museumpeace writes "From its own EmTech conference, Technology Review reports on a privacy strategy from Microsoft's Craig Mundie: When sharing music online took off in the 1990s, many companies turned to digital rights management (DRM) software as a way to restrict what could be done with MP3s and other music files — only to give up after the approach proved ineffective and widely unpopular. Today Craig Mundie, senior advisor to the CEO at Microsoft, resurrected the idea, proposing that a form of DRM could be used to prevent personal data from being misused." Mundie also thinks it should be a felony to misuse that data. He thinks larger penalties would help deter shady organizations from harvesting data the user isn't even aware of. "More and more, the data that you should be worried about, you don’t even know about."
Security

Want To Hijack a Domain? Just Get a Fax Machine 161

Posted by Soulskill
from the why-are-fax-machines-still-a-thing dept.
msm1267 writes "Metasploit's HD Moore says hackers sent a spoofed DNS change request via fax to Register.com that the registrar accepted, leading to a DNS hijacking attack against the Metasploit and Rapid7 websites. The two respective homepages were defaced with a message left by the same hacker collective that claimed responsibility for a similar DNS attack against Network Solutions. Rapid7 said the two sites' DNS records have been locked down and they are investigating."
Security

Stealing Silicon Valley 139

Posted by Soulskill
from the getaway-car-and-a-pocket-full-of-flash-drives dept.
pacopico writes "A series of robberies in Silicon Valley have start-ups feeling nervous. According to this report in Businessweek, a couple of networking companies were burgled recently with attempts made to steal their source code. The fear is that virtual attacks have now turned physical and that espionage in the area is on the rise. As a result, companies are now doing more physical penetration testing, including one case in which a guy was mailed in a FedEx box in a bid to try and break into a start-up."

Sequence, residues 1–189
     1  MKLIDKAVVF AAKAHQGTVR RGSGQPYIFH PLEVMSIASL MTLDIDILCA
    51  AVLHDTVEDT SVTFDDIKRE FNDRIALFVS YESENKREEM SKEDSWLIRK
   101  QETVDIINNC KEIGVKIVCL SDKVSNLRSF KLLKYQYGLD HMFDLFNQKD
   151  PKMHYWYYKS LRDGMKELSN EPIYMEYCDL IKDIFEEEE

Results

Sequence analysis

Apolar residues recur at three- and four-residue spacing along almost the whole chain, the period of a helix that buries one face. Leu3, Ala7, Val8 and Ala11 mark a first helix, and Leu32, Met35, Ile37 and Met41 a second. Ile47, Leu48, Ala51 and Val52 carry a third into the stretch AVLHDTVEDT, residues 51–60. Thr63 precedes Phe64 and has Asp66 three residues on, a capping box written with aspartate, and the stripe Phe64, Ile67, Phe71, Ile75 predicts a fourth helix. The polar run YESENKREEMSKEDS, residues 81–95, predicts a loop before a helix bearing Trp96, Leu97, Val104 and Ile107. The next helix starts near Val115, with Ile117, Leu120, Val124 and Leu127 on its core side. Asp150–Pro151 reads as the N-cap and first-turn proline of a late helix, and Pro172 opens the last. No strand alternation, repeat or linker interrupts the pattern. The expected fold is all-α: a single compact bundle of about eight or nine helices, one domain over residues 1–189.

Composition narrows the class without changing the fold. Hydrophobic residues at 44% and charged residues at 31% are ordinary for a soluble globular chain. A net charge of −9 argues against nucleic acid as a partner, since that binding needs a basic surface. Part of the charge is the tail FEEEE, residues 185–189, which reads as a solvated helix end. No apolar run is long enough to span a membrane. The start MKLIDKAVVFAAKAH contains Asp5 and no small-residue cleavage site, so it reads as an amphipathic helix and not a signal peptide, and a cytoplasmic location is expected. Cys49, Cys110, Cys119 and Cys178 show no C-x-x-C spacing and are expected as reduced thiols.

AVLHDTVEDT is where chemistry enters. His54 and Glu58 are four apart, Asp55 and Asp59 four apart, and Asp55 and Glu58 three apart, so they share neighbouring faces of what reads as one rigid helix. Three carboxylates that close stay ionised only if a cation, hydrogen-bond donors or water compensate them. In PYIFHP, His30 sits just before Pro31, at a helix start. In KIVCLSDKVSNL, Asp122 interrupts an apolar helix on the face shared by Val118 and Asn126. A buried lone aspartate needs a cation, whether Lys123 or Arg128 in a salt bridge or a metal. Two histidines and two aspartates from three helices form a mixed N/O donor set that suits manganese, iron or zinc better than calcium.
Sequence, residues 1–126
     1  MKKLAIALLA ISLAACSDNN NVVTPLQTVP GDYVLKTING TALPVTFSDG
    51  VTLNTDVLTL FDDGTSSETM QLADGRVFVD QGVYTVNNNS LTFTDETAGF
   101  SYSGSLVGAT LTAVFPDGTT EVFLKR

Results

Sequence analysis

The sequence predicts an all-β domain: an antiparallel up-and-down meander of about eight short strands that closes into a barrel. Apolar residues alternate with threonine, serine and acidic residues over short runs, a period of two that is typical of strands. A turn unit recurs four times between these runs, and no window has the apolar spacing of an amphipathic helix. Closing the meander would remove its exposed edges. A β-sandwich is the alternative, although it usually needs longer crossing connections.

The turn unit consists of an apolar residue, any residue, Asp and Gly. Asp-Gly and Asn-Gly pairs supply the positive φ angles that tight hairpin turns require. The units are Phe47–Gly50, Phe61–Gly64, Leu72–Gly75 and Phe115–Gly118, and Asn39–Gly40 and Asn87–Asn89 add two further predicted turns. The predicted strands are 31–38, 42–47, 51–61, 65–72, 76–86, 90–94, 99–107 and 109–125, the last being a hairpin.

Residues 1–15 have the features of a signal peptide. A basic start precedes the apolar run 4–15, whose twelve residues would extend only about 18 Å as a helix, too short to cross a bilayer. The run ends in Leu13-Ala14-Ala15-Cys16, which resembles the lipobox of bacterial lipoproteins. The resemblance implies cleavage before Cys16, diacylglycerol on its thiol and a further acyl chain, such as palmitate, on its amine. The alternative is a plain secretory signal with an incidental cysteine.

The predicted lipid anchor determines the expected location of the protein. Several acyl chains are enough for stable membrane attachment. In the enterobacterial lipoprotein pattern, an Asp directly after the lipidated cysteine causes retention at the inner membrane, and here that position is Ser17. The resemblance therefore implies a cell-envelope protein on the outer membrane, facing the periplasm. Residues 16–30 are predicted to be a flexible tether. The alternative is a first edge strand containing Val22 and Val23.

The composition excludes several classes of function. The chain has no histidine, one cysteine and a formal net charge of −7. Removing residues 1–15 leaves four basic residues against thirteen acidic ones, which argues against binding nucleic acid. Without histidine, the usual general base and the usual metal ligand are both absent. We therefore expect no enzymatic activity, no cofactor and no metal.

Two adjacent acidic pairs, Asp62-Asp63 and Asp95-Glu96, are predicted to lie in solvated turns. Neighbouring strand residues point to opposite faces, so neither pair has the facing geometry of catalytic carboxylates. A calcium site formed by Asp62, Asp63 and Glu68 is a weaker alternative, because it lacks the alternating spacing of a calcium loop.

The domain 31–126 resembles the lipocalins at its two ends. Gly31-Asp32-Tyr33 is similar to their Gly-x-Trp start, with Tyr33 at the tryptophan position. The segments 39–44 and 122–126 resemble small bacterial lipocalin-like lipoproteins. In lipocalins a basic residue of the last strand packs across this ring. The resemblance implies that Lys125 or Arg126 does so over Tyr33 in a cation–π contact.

Cloud

Will Cloud Services One Day Be Traded Just Like Stocks and Bonds? 168

Posted by timothy
from the too-compute-intensive-to-fail dept.
Brandon Butler writes "Today, cloud computing resources are bought and sold in a fairly straightforward process: A company needs extra compute capacity, for example, so they contract with a provider who spins up virtual machines for a certain amount of time. But what will that process look like in, say, 2020? If efforts by a handful of companies come to fruition, there could be a lot more wheeling and dealing that goes on behind the scenes. An idea is being floated to package cloud computing resources into blocks that can be bought and sold on a commodity futures trading market. It would be similar to how financial instruments like stocks, bonds and agricultural products like corn and wheat are traded on exchanges by investors. Blocks of cloud computing resources — for example a month's worth of virtual machines, or a year's worth of cloud storage — would be packaged by service providers and sold on a market. In the exchange, investors and traders could buy up these blocks and resell them to end users, or other investors, potentially turning a profit if the value of the resource increases."
Google

Google Offers Cash For Security Fixes To Linux and Other FOSS Projects 94

Posted by timothy
from the enlightened-self-interest dept.
jrepin writes "Google is offering rewards as high as $3,133.70 for software updates that improve the security of OpenSSL, OpenSSH, BIND, and several other open-source packages that are critical to the stability of the Internet. The program announced Wednesday expands on Google's current bug-bounty program, which pays from $500 to $3,133.70 to people who privately report bugs found in the company's software and Web properties." Google isn't the only company that sees the value in rewarding those who find security problems: Microsoft just paid British hacker James Forshaw $100,000 for finding a serious security flaw in Windows 8.1.
United States

Cost of Healthcare.gov: $634 Million — So Far 489

Posted by timothy
from the oh-c'mon-what's-a-sevenfold-increase-among-friends? dept.
First time accepted submitter Saethan writes "Healthcare.gov, the site to be used by people in 36 states to get insurance as part of the Affordable Care Act, has apparently cost the U.S. Government $634 million. Not only is this more than Facebook spent during its first 6 years in operation, it is also over $500 million above what the original estimate was: $93.7 million. Why, in a country with some of the best web development companies in the world, has this website, which is poor quality at best, cost so much?" That $634 million figure comes from this U.S. government budget-tracking system. Given that this system is national rather than for a single city, maybe everyone should just be grateful the contract didn't go to TechnoDyne.